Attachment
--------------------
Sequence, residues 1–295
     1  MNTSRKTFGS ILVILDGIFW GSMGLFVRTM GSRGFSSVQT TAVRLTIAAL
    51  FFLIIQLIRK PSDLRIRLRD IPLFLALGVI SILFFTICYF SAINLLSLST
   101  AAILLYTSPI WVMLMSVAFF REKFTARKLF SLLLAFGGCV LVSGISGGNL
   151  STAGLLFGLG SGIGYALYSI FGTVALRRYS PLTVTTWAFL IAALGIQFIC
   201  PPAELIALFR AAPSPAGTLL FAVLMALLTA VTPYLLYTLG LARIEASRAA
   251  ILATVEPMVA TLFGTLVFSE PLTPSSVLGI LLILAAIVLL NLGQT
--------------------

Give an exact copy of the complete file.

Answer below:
Sequence, residues 1–295
     1  MNTSRKTFGS ILVILDGIFW GSMGLFVRTM GSRGFSSVQT TAVRLTIAAL
    51  FFLIIQLIRK PSDLRIRLRD IPLFLALGVI SILFFTICYF SAINLLSLST
   101  AAILLYTSPI WVMLMSVAFF REKFTARKLF SLLLAFGGCV LVSGISGGNL
   151  STAGLLFGLG SGIGYALYSI FGTVALRRYS PLTVTTWAFL IAALGIQFIC
   201  PPAELIALFR AAPSPAGTLL FAVLMALLTA VTPYLLYTLG LARIEASRAA
   251  ILATVEPMVA TLFGTLVFSE PLTPSSVLGI LLILAAIVLL NLGQT